The FORALL statement and construct is a generalization of the Fortran 95/90 masked array assignment (WHERE statement and construct). It allows more general array shapes to be assigned, especially in construct form.

FORALL is a feature of Fortran 95. It takes the following form:

- FORALL (
*triplet-spec*[,*triplet-spec*]...[,*mask-expr*])*assign-stmt*

The FORALL construct takes the following form:

- [
*name*:] FORALL (*triplet-spec*[,*triplet-spec*]...[,*mask-expr*])

*forall-body-stmt*

[*forall-body-stmt*]...

END FORALL [*name*] *triplet-spec*

Is a triplet specification with the following form:

*subscript-name*=*subscript-1*:*subscript-2*[:*stride*]

The

*subscript-name*must be a scalar of type integer. It is valid only within the scope of the FORALL; its value is undefined on completion of the FORALL.The

*subscript*s and*stride*cannot contain a reference to any*subscript-name*in*triplet-spec*.The

*stride*cannot be zero. If it is omitted, the default value is 1.Evaluation of an expression in a triplet specification must not affect the result of evaluating any other expression in another triplet specification.

*mask-expr*

Is a logical array expression (called the mask expression). If it is omitted, the value .TRUE. is assumed. The mask expression can reference the subscript name in*triplet-spec*.*assign-stmt*

Is an assignment statement or a pointer assignment statement. The variable being assigned to must be an array element or array section and must reference all subscript names included in all*triplet-spec*s.*name*

Is the name of the FORALL construct.*forall-body-stmt*

Is one of the following:

- An
*assignment-stmt* - A WHERE statement or construct
The WHERE statement and construct use a mask to make the array assignments (see Section 4.2.4).

- A FORALL statement or construct

- An

If a construct name is specified in the FORALL statement, the same name must appear in the corresponding END FORALL statement.

A FORALL statement is executed by first evaluating all bounds and stride expressions in the triplet specifications, giving a set of values for each subscript name. The FORALL assignment statement is executed for all combinations of subscript name values for which the mask expression is true.

The FORALL assignment statement is executed as if all expressions (on both sides of the assignment) are completely evaluated before any part of the left side is changed. Valid values are assigned to corresponding elements of the array being assigned to. No element of an array can be assigned a value more than once.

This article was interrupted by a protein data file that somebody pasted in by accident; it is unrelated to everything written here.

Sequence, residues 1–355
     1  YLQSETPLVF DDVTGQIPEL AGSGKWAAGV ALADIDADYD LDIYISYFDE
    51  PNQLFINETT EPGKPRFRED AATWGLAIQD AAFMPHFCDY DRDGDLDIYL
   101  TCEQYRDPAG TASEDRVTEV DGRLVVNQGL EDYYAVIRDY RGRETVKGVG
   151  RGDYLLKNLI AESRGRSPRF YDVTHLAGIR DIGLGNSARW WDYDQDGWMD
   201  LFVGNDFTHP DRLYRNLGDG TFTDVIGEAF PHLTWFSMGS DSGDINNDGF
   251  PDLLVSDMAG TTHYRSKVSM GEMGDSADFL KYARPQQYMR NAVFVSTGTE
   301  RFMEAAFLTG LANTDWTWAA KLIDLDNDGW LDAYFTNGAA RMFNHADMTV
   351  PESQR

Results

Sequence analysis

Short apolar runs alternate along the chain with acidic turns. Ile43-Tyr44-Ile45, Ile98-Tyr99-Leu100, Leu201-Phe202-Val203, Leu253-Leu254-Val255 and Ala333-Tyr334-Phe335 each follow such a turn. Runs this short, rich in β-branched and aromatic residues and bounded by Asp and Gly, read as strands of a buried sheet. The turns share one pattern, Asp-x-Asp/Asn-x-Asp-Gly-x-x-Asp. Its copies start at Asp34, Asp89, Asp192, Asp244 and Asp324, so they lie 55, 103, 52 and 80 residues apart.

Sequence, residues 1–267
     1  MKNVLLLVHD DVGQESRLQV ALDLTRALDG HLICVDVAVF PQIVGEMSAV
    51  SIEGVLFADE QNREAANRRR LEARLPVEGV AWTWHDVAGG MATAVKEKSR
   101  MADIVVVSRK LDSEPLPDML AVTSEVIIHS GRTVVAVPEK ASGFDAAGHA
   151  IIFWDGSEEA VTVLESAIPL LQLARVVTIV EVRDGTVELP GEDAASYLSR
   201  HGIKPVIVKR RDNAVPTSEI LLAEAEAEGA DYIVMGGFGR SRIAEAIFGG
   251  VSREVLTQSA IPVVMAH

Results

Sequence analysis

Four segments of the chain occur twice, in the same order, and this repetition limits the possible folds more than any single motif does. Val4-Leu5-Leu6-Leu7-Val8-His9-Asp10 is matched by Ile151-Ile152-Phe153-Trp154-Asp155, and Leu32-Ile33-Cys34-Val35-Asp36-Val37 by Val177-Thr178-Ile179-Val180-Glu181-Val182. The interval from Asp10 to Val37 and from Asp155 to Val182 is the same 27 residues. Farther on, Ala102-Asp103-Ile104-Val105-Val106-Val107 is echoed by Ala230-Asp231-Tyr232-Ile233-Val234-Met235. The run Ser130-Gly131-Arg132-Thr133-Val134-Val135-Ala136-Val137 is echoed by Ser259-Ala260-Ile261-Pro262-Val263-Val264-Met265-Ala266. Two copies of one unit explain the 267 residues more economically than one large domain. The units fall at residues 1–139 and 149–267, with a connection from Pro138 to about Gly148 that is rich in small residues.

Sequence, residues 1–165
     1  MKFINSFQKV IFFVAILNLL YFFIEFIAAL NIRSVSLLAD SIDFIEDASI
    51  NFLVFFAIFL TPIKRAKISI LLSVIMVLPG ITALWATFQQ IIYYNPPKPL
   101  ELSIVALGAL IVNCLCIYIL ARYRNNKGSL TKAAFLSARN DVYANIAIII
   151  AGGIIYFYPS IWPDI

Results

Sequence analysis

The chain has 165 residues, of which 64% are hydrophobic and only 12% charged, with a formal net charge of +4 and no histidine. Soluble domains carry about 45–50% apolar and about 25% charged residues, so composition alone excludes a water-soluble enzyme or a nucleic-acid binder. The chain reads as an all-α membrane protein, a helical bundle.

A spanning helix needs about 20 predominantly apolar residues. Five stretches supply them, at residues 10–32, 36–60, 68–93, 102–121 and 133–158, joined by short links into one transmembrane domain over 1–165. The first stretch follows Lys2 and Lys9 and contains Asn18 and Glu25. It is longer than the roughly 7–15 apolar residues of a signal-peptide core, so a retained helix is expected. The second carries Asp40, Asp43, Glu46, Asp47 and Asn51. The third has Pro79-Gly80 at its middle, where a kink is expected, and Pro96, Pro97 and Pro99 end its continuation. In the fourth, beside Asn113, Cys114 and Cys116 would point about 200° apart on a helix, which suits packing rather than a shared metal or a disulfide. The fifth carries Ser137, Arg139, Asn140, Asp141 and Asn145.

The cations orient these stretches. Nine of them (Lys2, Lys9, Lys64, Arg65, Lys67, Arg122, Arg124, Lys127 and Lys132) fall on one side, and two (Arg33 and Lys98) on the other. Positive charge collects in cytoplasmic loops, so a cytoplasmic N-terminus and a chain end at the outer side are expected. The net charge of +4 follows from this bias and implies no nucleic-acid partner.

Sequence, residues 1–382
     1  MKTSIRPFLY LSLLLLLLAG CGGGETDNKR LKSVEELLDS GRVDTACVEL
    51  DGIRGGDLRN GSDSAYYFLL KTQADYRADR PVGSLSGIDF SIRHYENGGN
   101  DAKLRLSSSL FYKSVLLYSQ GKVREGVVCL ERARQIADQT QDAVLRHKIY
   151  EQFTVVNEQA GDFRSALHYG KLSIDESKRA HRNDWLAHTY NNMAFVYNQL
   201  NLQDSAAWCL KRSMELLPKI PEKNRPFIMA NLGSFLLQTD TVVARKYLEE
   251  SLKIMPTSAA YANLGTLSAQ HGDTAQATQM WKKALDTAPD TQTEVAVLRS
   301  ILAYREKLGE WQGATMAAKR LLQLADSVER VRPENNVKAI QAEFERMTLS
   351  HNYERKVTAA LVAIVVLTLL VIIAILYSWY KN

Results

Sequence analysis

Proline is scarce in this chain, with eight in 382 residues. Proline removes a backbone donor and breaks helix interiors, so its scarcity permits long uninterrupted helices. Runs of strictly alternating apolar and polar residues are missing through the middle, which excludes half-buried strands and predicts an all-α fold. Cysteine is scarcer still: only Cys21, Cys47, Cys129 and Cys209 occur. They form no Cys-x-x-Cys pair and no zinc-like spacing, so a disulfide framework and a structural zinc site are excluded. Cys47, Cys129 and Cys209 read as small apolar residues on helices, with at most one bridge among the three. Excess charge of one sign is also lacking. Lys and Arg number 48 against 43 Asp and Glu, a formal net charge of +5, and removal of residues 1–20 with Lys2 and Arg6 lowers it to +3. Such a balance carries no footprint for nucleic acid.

A FORALL construct is executed as if it were multiple FORALL statements, with the same triplet specifications and mask expressions. Each statement in the FORALL body is executed completely before execution begins on the next FORALL body statement.

Any procedure referenced in the mask expression or FORALL assignment statement must be pure.

Pure functions can be used in the mask expression or called directly in a FORALL statement. Pure subroutines cannot be called directly in a FORALL statement, but can be called from other pure procedures.

Consider the following:

```
FORALL(I = 1:N, J = 1:N, A(I, J) .NE. 0.0) B(I, J) = 1.0 / A(I, J)
```

This statement takes the reciprocal of each nonzero element of array A(1:N, 1:N) and assigns it to the corresponding element of array B. Elements of A that are zero do not have their reciprocal taken, and no assignments are made to corresponding elements of B.

Every array assignment statement and WHERE statement can be written as a FORALL statement, but some FORALL statements cannot be written using just array syntax. For example, the preceding FORALL statement is equivalent to the following:

```
WHERE(A /= 0.0) B = 1.0 / A
```

It is also equivalent to:

```
FORALL (I = 1:N, J = 1:N)
WHERE(A(I, J) .NE. 0.0) B(I, J) = 1.0/A(I, J)
END FORALL
```

However, the following FORALL example cannot be written using just array syntax:

```
FORALL(I = 1:N, J = 1:N) H(I, J) = 1.0/REAL(I + J - 1)
```

This statement sets array element H(I, J) to the value ```
1.0
/REAL(I + J - 1)
```

for values of I and J between 1 and N.

Consider the following:

```
TYPE MONARCH
INTEGER, POINTER :: P
END TYPE MONARCH
TYPE(MONARCH), DIMENSION(8) :: PATTERN
INTEGER, DIMENSION(8), TARGET :: OBJECT
FORALL(J=1:8) PATTERN(J)%P => OBJECT(1+IEOR(J-1,2))
```

This FORALL statement causes elements 1 through 8 of array PATTERN to point to elements 3, 4, 1, 2, 7, 8, 5, and 6, respectively, of OBJECT. IEOR can be referenced here because it is pure.

The following example shows a FORALL construct:

```
FORALL(I = 3:N + 1, J = 3:N + 1)
C(I, J) = C(I, J + 2) + C(I, J - 2) + C(I + 2, J) + C(I - 2, J)
D(I, J) = C(I, J)
END FORALL
```

The assignment to array D uses the values of C computed in the first statement in the construct, not the values before the construct began execution.

**For More Information:**

- On subscript triplets, see Section 3.4.2.3.
- On pointer assignment, see Section 4.2.3.
- On the WHERE statement and construct,
see Section 4.2.4.
- On pure procedures, see Section 8.5.1.2.
- On the FORALL statement and construct, see
your user manual.
- On the INDEPENDENT directive (which can make
assertions about FORALLs on Tru64 UNIX systems),
see Section 15.3.4.

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